Diagnostic algorithm helps identify mild infection in diabetic foot ulcers
medwireNews: A composite algorithm including the calprotectin biomarker can help physicians decide whether a diabetic foot ulcer needs antibiotic therapy, say researchers.
The algorithm, which includes the wound exudate calprotectin (a marker of neutrophilic inflammation), venous white cell count, C-reactive protein (CRP) levels, and ulcer area, helped distinguish non-infected from mildly infected diabetic foot ulcers, report the INDUCE study authors John Ingram (Cardiff University, UK) and colleagues.
The algorithm had a specificity of 0.81 but an area under the receiver operating characteristic curve of only 0.68, making it unsuitable for use in primary care in its current form, the researchers note. Nevertheless, the good specificity “provides some much-needed objective evidence to help clinicians avoid mass antibiotic prescribing in noninfected diabetic foot ulcers,” they write in Diabetic Medicine.
While moderate to severe diabetic foot ulcer infection is straightforward to diagnose from clinical parameters, the team points out that it is far more difficult to distinguish between a non-infected or mildly infected foot ulcer in the community setting, where point-of-care tests can be lacking.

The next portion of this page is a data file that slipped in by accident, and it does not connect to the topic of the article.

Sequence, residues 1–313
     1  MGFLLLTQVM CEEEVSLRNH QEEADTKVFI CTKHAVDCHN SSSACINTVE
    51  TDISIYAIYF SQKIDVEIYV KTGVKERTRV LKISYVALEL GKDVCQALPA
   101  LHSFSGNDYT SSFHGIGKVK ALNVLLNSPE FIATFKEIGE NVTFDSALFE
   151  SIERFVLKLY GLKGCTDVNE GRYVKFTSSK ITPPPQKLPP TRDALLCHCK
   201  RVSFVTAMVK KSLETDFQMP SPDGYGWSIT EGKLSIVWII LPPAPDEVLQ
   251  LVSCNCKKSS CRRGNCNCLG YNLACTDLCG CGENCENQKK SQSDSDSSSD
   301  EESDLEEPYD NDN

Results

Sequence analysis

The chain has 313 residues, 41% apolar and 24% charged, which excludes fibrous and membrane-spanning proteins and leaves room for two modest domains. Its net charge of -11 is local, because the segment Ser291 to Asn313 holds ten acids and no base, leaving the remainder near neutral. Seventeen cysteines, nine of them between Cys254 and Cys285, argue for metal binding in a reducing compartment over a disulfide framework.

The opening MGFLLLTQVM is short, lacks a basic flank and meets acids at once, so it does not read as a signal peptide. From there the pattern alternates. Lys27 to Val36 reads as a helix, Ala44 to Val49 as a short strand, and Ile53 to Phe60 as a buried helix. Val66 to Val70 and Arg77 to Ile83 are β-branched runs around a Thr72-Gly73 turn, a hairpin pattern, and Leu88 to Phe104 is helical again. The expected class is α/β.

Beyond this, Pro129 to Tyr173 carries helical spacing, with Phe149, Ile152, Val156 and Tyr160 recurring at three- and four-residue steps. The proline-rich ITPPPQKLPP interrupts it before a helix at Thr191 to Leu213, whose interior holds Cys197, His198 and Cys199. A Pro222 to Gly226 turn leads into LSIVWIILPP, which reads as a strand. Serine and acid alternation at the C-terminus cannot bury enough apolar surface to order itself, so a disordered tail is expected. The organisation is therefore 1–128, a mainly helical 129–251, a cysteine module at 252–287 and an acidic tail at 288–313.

They tested the diagnostic ability of four inflammatory biomarkers – venous white cell count, CRP, procalcitonin, and calprotectin – in 34 individuals with non-infected and 27 with mildly infected diabetic foot ulcers (defined by clinicians’ overall impressions from two assessments 1 week apart) in a community setting.
Procalcitonin levels were below the lower limit of assay detection in nearly 70% of cases, leading to this variable being excluded from the algorithm.
Median wound exudate calprotectin levels, however, were nearly twice as high in samples from patients with mildly infected versus non-infected diabetic foot ulcers, at 1437 and 879 ng/mL, respectively.
Differences were also seen for the other biomarkers, with significantly higher venous white cell counts and CRP levels in patients with mildly infected versus non-infected foot ulcers of 8.15 versus 7.43 109cells/L and 9.0 versus 6.0 mg/L, respectively.
The researchers substituted venous procalcitonin for ulcer area, which was a median 1.32 cm2 in those with mild infection versus 0.22 cm2 in those with no infection. This generated a composite algorithm with a sensitivity of 0.64, a positive predictive value of 0.73, and a negative predictive value of 0.75 for mild infection.
Importantly, the researchers note: “The parameters included in our algorithm are, or soon will be, available at point of care, which is an important consideration when most diabetic foot ulcer care occurs in the community and antibiotic decisions have to be made swiftly.”
By Catherine Booth
medwireNews is an independent medical news service provided by Springer Healthcare. © 2017 Springer Healthcare part of the Springer Nature group